A bee resting on a wall. CC Flickr by Sally Crosswaithe.

Home to over 300 species of bees, Toronto is considered a bee hot spot in southern Ontario. Protecting our native bee populations benefits the resilient pollinator community in and around the city, while simultaneously preserving biodiversity.

Over the years certain honey bee and native bee populations have declined in North America, which has had various economic and ecological consequences. The decline of the honey bee population driven by Colony Collapse Disorder (CCD) has motivated much of our discourse surrounding bee conservation. 

James Thomson, a professor in ecology and evolutionary biology at the University of Toronto explains that while the commercial beekeeping industry has always been affected by winter losses, CCD “seemed to have different hallmarks in that it [is] presented as an absconding of the bees from the hives. So you came in and instead of finding dead ones, you found [that] they were gone.” 

“Real CCD is probably a subset of winter losses, but the terms have basically been conflated and most winter losses seem to be talked about… as a pathology,” added professor Thomson

For beekeepers, CCD means having to order and build up replacement colonies in the spring, but it is not the kind of ecosystem collapse that it is portrayed to be. What is more worrying is the decline observed among native bee populations.

At this point, their population trends are not well characterized, but certain species of the bumble bee, including Bombus affinus (rusty-patched bumble bee), which used to be very common, are now critically endangered. Other species of bumble bees, however, appear to be doing fine.

“In my view, those declines are much worse than Colony Collapse Disorder because we’ve had an animal that was part of the natural system –— [unlike honey bees] it wasn’t just brought in as an agricultural tool from the Old World — it was doing well until very recently [and] then suddenly it crashed,” he continued.

The fact that several of these declining species are closely related suggests there is a genetic component to susceptibility. One possible cause is pathogen spillover, which occurs when a pathogen such as Nosema bombi (a microsporidian) becomes established in commercial bumble bee populations and is subsequently transmitted to wild bees. 

Toronto has played an active role in creating sustainable habitats for its pollinators. Existing initiatives include maintaining pollinator-friendly habitats in the Don Valley Brickworks, the Franklin Children’s garden and High Park’s Black Oak Savannah, and native species plantings on private and public land.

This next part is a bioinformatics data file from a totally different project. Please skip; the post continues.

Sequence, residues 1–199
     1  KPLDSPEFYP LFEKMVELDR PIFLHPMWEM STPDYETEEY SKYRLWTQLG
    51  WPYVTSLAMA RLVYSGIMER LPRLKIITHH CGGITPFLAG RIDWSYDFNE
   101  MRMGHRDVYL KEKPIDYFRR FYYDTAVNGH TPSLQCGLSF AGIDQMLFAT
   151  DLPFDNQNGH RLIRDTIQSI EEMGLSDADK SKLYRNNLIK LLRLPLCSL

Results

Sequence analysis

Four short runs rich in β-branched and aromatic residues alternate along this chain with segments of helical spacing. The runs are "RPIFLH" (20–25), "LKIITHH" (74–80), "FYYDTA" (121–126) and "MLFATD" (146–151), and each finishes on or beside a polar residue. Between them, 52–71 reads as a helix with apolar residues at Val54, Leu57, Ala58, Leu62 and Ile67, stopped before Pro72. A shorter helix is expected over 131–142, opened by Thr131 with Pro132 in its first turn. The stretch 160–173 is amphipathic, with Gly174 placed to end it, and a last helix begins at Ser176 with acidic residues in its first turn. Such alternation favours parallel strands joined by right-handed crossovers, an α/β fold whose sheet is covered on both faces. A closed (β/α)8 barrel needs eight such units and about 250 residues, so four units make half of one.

Professor Thomson says it’s “hard to imagine how [native species plantings] could go really wrong. But anything you plant is going to help some species more than others. For example, the Ceratina bees nest inside sumac stems so if you want more Ceratina you plant more sumac. But sumac isn’t particularly good for other species… ” The bottom line is that ecosystems with minimal human disturbance tend to support a higher diversity of flora and fauna, as well as bees.

The ‘Bee City’ certification is viewed as the next logical step, which, according to the Bee City website, “endorses a set of commitments… for creating sustainable habitats for pollinators.” The program was first implemented in 2012. Since then, 15 American cities have been certified. A successful application to Bee City Canada would result in habitat protection and increased awareness regarding pollinator biodiversity and food production. 

Dr. Scott MacIvor, a postdoctoral researcher in the department of biological science at U of T Scarborough hopes that the Bee City designation will “build upon the world-renowned research and best practices already ongoing and in development in our region. It would also promote the plight of wild bee declines and encourage all citizens to find ways to support our native bees.” 

As for honey bees, MacIvor hopes that “the Bee City Canada endeavour will be focused on the plight of our native species not a non-native that requires no ‘help’ in Toronto. Honey bees are useful in agricultural landscapes but keeping them in the city contributes to competition with our native species and could undermine biodiversity.”

Honey bee colonies comprise between 20,000 and 50,000 individual bees, which can forage over one kilometre from their hives. “As a first approximation, if you have a honeybee feeding on a native flower, that basically means the food that the honeybee fed on is not there for a native bee to feed on,” says Thomson. As a result, honey bee hives can actually contribute to decreased pollinator biodiversity. 

When asked about any safety concerns associated with robust native bee populations, he responded that in general, “you really have to rile [a colony] up to get a real defensive reaction. So I would say for native bees, essentially, there are no likely dangers.”

Honey bee colonies also appear fairly innocuous given that the provincial requirement mandates only 30 metres between the hive and property line. It is important to note that many of the nastiest stings come from yellow jacket wasps (genus Vespula), which are similar in appearance to bees, but are biologically and taxonomically distinct.

Regardless of your opinion of bees, they remain an important part of our ecosystem. With the Bee City designation, Toronto may be able to find ways to balance its urban ecosystem. 

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